When my daughter, Annette, then approximately seven, hit on a great idea for practicing the cello, she could think of nothing else. For hours she’d sit in her room, working out this idea, and all her talk about it dominated our weekly lessons.
I was torn. Many other skills were being neglected or forgotten, and I tried not to think about these.
My ego was involved. Colleagues occasionally listened to her playing and evaluated it, so I was worried about what they’d think of my teaching.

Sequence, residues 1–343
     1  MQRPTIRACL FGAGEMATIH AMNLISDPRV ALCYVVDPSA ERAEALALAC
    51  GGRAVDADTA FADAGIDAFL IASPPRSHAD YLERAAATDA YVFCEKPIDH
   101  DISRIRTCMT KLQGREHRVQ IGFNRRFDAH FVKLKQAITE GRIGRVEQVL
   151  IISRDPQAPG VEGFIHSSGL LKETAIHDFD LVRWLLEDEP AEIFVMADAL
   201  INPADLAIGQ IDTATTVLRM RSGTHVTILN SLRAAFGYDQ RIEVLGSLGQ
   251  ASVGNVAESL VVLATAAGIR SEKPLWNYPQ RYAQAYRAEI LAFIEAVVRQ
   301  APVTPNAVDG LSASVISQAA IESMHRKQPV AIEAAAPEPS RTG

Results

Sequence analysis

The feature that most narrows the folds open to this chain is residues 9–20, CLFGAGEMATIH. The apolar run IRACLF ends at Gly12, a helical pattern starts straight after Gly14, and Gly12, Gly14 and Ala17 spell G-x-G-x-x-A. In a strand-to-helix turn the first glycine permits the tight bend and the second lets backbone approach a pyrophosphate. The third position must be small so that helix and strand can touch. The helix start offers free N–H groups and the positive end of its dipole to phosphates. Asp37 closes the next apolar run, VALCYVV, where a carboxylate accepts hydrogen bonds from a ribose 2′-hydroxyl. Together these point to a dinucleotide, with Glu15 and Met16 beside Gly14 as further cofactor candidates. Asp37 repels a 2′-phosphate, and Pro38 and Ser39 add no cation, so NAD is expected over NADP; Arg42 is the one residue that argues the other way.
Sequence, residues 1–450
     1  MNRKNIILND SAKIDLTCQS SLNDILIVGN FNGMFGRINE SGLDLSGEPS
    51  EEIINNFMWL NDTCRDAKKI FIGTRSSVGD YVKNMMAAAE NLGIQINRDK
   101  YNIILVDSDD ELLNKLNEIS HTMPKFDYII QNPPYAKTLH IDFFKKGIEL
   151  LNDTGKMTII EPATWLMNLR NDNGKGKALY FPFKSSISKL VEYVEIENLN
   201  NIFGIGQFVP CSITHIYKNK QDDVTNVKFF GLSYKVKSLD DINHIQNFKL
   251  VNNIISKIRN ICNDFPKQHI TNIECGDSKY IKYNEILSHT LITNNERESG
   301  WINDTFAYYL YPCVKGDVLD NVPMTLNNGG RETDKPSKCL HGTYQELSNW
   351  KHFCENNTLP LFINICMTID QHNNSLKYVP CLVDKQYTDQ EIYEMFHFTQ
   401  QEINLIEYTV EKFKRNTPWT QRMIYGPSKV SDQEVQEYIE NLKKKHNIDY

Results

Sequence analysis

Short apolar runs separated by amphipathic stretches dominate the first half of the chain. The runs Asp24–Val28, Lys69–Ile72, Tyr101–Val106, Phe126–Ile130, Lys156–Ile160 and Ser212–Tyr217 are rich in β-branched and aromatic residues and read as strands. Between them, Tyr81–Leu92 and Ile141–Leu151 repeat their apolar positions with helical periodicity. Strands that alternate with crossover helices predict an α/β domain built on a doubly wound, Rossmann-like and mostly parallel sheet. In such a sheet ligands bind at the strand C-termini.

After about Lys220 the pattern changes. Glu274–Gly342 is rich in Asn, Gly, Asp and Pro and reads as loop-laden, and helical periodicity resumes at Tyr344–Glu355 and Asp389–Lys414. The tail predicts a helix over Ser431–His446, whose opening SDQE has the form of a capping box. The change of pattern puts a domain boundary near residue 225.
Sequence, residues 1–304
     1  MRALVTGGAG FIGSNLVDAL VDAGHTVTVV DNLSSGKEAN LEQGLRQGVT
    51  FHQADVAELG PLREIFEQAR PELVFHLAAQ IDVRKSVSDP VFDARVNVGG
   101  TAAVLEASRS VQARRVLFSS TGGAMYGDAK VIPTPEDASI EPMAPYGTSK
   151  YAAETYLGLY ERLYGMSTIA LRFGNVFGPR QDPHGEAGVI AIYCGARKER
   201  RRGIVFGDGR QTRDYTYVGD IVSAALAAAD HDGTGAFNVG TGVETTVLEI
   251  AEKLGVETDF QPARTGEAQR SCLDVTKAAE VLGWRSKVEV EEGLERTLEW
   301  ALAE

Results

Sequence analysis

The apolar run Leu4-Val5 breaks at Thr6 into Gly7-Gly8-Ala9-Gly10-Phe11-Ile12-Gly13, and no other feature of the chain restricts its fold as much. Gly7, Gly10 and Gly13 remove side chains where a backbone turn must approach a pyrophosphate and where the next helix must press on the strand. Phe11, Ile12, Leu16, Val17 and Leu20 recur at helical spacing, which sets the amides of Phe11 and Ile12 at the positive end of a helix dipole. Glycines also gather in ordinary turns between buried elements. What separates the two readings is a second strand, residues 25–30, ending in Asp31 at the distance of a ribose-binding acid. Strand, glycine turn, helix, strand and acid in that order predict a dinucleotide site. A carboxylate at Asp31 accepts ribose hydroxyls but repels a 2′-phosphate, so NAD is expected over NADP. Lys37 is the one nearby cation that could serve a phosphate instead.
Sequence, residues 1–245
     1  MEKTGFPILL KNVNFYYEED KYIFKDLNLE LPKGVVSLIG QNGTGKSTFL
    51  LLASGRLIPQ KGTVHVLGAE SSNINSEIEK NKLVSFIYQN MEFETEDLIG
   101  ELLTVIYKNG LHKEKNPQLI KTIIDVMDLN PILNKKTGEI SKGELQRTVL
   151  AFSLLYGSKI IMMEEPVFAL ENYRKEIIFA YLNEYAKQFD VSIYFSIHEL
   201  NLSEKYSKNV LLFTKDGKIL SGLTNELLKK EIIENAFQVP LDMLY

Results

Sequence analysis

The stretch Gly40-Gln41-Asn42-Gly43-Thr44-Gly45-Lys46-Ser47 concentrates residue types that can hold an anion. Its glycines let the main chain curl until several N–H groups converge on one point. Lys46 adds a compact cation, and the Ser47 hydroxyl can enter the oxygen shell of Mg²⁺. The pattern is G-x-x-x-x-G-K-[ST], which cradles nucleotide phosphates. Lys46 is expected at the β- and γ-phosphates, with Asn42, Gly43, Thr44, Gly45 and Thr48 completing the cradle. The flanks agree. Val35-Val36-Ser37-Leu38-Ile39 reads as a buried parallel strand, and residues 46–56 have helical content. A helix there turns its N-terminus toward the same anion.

I knew this was irrelevant to her learning. Bolstered by my own experience with cello practice, when I’d been totally absorbed in one discovery or another, I could gradually let go of my ego-centered concerns. This liberated both Annette and me to simply observe where she traveled and also to enjoy the journey.